Grow your own seasonal food in a low maintenance, nature friendly garden that feels like a woodland glade. Alan Carter shows you how to plan and plant a temperate forest garden for any sized plot, from small terrace or allotment to smallholding.
Learn how to successfully layer root crops, fruit, perennial vegetables and edible shrubs below tree crops, cultivating an edible garden that doesn’t look like a traditional vegetable plot. A forest garden is wildlife friendly, provides nutrient-dense and often unusual food through every season and requires minimal work to maintain.
The first part of this in-depth practical guide explains how a forest garden works, how to map your own climate and design your own plot, and how to manage it with pruning, mulching and weeding. What’s not to like about Alan’s motto of ‘the more you pick, the more you get’, and intriguing concepts such as the Panda Principle?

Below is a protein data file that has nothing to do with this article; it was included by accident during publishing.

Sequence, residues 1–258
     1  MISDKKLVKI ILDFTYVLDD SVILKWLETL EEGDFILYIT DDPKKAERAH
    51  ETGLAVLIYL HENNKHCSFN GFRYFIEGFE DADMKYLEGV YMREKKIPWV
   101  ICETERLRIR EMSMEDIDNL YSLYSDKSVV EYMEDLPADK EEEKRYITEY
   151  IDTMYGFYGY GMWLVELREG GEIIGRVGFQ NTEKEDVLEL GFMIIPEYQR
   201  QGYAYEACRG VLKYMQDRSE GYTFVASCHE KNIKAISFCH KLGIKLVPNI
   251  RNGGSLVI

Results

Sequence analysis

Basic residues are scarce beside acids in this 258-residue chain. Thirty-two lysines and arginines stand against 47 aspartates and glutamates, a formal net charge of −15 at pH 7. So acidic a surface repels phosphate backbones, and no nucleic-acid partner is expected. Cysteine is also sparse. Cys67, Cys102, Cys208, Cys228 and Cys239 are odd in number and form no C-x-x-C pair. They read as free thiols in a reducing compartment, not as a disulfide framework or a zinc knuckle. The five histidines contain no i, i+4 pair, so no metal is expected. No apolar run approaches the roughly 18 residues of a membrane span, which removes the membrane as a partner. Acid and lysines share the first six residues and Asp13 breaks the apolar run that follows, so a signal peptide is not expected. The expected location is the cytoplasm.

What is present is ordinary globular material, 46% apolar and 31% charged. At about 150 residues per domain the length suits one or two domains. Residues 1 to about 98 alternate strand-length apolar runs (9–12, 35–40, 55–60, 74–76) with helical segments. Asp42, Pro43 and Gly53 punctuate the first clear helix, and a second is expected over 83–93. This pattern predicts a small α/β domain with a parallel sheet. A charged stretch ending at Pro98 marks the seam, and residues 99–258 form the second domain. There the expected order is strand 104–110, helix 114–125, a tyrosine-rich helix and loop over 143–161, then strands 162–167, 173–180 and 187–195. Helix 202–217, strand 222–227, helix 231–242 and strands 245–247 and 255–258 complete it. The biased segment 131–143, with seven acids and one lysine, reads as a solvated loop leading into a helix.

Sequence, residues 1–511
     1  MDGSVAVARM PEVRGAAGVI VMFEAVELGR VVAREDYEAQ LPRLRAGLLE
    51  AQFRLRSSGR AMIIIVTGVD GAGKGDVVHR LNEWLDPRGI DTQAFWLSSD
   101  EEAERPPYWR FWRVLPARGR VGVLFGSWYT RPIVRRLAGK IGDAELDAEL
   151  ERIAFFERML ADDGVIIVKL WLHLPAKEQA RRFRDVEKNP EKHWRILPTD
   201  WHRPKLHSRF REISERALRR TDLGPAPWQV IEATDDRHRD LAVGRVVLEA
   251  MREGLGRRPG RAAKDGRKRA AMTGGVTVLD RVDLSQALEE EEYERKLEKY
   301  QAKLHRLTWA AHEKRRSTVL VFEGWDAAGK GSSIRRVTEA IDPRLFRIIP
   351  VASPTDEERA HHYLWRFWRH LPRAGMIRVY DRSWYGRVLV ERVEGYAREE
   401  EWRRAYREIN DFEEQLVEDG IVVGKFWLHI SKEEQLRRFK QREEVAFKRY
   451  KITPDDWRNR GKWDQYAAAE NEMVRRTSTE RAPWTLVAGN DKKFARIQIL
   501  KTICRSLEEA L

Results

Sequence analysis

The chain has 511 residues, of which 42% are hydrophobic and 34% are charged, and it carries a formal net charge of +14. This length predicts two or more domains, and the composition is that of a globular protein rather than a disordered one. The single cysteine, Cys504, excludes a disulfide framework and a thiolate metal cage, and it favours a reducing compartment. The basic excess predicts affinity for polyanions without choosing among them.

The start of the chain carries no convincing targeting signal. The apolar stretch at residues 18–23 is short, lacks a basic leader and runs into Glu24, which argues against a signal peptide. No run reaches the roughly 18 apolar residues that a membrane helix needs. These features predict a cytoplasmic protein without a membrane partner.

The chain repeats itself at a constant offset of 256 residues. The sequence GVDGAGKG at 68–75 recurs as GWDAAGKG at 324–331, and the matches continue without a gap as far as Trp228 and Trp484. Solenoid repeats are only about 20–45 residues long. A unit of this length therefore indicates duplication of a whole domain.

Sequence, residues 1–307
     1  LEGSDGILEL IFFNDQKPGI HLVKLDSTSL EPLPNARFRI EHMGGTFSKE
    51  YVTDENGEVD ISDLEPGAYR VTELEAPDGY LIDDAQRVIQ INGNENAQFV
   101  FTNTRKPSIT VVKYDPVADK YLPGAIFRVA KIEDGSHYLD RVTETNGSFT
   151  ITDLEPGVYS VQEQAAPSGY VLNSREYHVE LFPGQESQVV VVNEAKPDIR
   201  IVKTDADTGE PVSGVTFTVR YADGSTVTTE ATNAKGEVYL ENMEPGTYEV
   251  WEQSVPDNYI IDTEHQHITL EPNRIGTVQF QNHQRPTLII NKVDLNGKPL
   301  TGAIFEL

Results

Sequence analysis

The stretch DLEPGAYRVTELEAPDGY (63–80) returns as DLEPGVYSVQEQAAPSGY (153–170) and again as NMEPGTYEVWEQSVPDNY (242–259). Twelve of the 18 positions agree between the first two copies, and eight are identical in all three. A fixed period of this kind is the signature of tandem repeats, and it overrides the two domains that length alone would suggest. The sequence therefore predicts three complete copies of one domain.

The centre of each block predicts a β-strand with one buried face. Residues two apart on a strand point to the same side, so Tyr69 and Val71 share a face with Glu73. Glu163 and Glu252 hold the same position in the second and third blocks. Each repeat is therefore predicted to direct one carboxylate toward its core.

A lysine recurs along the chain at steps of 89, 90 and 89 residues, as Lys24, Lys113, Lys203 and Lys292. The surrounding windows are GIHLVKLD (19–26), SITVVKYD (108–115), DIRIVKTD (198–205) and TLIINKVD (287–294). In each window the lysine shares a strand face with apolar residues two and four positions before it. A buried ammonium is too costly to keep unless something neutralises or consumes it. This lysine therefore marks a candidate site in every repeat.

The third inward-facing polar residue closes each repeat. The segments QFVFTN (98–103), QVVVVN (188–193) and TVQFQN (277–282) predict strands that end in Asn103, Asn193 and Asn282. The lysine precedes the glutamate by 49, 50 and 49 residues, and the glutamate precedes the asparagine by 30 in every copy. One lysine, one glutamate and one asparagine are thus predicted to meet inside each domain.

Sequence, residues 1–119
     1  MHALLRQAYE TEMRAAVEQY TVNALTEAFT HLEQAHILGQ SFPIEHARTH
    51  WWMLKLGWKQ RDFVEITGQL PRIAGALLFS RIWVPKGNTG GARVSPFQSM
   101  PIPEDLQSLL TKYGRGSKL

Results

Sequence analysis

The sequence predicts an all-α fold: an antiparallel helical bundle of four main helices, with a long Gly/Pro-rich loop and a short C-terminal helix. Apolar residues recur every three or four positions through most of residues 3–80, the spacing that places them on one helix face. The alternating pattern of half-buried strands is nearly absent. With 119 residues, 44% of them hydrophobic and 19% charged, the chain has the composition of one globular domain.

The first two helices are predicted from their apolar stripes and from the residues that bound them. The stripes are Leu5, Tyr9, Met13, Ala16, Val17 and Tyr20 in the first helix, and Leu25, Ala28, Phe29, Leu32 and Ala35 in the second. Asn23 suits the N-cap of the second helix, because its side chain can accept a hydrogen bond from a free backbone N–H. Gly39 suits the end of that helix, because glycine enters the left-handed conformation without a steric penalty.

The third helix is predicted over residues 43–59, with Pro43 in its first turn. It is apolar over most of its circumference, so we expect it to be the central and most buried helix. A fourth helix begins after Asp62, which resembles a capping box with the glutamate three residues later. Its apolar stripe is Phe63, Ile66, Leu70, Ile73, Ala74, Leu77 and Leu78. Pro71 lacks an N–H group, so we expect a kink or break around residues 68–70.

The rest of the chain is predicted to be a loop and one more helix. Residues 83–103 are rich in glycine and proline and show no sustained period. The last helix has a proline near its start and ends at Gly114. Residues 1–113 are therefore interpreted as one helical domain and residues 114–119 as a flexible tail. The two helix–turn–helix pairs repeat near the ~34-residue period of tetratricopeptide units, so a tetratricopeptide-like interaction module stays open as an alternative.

The second half of the book is a detailed directory of more than 170 plants and fungi suitable for a wide range of temperate climates, complete with growing, harvesting and cooking tips based on over a decade of Alan’s own experience. Learn how to incorporate traditional fruit and vegetable crops, such as beans and strawberries, into your forest garden, and how to weave in more unusual crops, such as shiitake mushrooms and ferns.
Techniques from agro-ecology bring regenerative farming into the backyard, helping you to work towards greater self sufficiency. Useful tips on seed saving and propagation help keep plant costs low and there is practical advice on soil health, compost – essential for all no dig, organic gardeners – and pests and disease.
Written by Scottish plant expert Alan Carter, A Food Forest in your Garden will help you create your own productive forest gardens even in cooler climates.
“Whether you want to follow in Alan’s footsteps and become a dedicated forest gardener or are simply curious about this fascinating and sustainable way of producing food, you will love this book. Having converted his allotment into a haven for wild food he dispels a common myth that the first requirement of a forest garden is a forest!”
Steve Ott, editor of Kitchen Garden magazine